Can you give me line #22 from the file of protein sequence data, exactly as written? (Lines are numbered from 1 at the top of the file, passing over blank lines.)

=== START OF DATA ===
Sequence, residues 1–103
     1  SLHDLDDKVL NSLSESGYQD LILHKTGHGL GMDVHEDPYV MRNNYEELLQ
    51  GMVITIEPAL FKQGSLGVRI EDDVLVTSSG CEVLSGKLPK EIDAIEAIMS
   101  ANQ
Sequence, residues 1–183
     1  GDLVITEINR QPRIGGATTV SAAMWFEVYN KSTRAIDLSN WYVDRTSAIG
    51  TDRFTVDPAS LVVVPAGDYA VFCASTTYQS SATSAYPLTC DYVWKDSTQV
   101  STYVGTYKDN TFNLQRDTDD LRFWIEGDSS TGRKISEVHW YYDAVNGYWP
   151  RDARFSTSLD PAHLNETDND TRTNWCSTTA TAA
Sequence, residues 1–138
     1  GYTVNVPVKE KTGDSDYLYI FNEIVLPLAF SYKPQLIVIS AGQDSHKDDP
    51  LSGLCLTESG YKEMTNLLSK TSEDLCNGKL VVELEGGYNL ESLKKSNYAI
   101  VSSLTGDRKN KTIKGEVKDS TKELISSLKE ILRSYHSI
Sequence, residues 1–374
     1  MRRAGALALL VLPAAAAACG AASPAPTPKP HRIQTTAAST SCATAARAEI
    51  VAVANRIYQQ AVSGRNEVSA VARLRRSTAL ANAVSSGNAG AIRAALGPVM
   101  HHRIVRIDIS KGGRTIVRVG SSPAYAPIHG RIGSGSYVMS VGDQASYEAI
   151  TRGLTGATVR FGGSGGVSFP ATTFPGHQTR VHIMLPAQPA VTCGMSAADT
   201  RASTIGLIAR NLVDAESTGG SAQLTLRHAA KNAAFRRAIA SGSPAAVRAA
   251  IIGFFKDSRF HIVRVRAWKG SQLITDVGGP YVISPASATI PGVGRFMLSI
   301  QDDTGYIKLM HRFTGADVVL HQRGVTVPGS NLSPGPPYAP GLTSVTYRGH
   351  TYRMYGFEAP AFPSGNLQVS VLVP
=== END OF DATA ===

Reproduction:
   351  TYRMYGFEAP AFPSGNLQVS VLVP